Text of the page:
Servers who work overtime at restaurants are often punished with fewer shifts the following week. As a result servers may, as I do, try to avoid incurring overtime by not clocking in at first, essentially working for free until receiving customers.
Katelyn Buhrlage, a server for four years, was told by management to do just that, and was warned that overtime would be extracted from her paycheck. “It’s a joke to not be paid for the hours you work, but I can’t afford to lose a shift,” said Buhrlage, who also works part-time at a hospital and has not found fulltime work since last year when she graduated college.
Buhrlage and I are part of the 90 percent of restaurant employees who are not offered health benefits, as reported by the ROC-United—leaving pregnant servers, like Buhrlage, to rely on Medicaid both before and after the birth. The 2010 Affordable Care Act (ACA) would cover servers like us, under a state-issued Medicaid expansion for those who make around $15,000 or less for a single adult. Those who earn more, and still cannot afford insurance, would be eligible for government tax credits to pay the difference.
Businesses with more than 50 employees must offer insurance by 2014 under the ACA. But some restaurant chains have already been busy finding loopholes. Like Papa John’s founder John Schnatter and Applebee’s franchise owner Zane Tankel, who vowed to reduce workers’ hours to reach below the insurance cutoff. John Mertz, whose Florida restaurant corporation operates Denny’s and Dairy Queen franchises, said he would add a 5 percent surcharge to customer bills to cover the cost of health insurance. According to the Health and Human Services Department, only about 0.2 percent of U.S. businesses would be forced to offer such insurance, as 96 percent have fewer than 50 employees, and most larger companies already offer health benefits.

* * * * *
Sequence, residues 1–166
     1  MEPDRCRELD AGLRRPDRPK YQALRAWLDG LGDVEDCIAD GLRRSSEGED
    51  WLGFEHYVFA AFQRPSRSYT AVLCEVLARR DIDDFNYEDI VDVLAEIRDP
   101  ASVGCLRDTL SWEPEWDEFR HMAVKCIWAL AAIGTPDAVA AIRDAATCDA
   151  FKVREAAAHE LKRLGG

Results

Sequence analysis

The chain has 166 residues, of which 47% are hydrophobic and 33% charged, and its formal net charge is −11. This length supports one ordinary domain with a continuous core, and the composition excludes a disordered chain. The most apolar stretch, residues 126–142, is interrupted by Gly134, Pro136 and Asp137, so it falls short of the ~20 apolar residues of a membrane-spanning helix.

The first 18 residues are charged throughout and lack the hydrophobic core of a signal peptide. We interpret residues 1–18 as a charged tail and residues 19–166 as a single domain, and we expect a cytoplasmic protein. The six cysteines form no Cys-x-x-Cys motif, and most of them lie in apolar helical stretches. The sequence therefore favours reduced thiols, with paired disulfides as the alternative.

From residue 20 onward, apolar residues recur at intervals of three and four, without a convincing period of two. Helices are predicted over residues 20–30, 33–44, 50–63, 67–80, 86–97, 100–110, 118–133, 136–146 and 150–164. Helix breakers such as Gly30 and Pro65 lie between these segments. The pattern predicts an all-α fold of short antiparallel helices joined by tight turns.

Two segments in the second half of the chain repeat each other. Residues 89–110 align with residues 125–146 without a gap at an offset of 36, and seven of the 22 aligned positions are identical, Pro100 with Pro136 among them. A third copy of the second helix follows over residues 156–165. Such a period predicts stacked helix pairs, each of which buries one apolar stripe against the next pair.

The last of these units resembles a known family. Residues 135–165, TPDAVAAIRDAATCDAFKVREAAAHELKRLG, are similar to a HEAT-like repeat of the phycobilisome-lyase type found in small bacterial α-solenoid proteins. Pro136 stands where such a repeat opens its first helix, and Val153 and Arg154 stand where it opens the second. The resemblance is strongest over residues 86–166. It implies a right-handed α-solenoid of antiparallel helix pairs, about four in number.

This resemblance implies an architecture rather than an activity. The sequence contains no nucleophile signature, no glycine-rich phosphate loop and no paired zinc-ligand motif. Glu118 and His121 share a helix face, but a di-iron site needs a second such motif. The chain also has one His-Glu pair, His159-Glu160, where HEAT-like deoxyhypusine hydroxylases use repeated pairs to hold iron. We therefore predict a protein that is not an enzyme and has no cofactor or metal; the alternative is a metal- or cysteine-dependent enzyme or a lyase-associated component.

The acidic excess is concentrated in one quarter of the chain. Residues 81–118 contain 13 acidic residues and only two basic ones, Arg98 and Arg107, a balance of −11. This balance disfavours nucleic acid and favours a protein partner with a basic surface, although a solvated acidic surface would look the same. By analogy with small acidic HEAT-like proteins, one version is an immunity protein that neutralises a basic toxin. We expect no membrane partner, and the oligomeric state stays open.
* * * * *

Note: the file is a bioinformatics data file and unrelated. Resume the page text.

Single mother and server Amber Harrison was deemed “lazy” by her restaurant manager for using Medicaid to cover her 1-year old’s insurance. “When he said that, tears started to well in my eyes and I wanted to quit, but I knew I couldn’t afford to,” said the 23-year old, who finishes her medical assistant degree next fall.
So, why do we stay if serving leaves us vulnerable for sexual harassment and provides little pay and no benefits? Is our complacency our own demise? Not according to O’Neill. “Women are distressed and displaced,” she said, “but mostly powerless.”
With only 17 percent of Congress comprised of women, O’Neill said women’s second class citizenship is prolonged by underrepresentation. Two bills to increase federal minimum wage for tipped workers introduced last winter have failed to make progress.
While my yet-to-be-paid-for education helped me to recognize job discrimination, it took four years of living as a poverty-stricken, female statistic for it to sink in. Yet, how can a feminist be blind to her own discrimination, until a report confirms what she has felt for years?
“If we knew the answer,” said O’Neill, “we could change reality.”
Two bills to increase federal minimum wage were introduced to Congress, last winter.
• Working for Adequate Gains for Employment in Services Act (“WAGES Act,” H.R. 631): Representative Donna Edwards of Maryland introduced this bill to the House of Representatives, last February, to gradually increase tipped workers’ minimum wage to 70 percent of the current minimum wage (or a $5.50 minimum) over two years.
• Rebuild America Act (S. 2252): Senator Tom Harkin of Iowa introduced amendments to this act, last March, to gradually increase minimum wage to $9.80 over a three-year period, as well as the tipped minimum wage to 70 percent of that federal minimum. An October 2012 report of the bill by the University of California, Davis and Berkeley, demonstrated that restaurant food costs would not rise in proportion to a minimum wage hike. Food prices would increase less than a half percent, costing American households an extra dime a day, while tipped worker wages would double.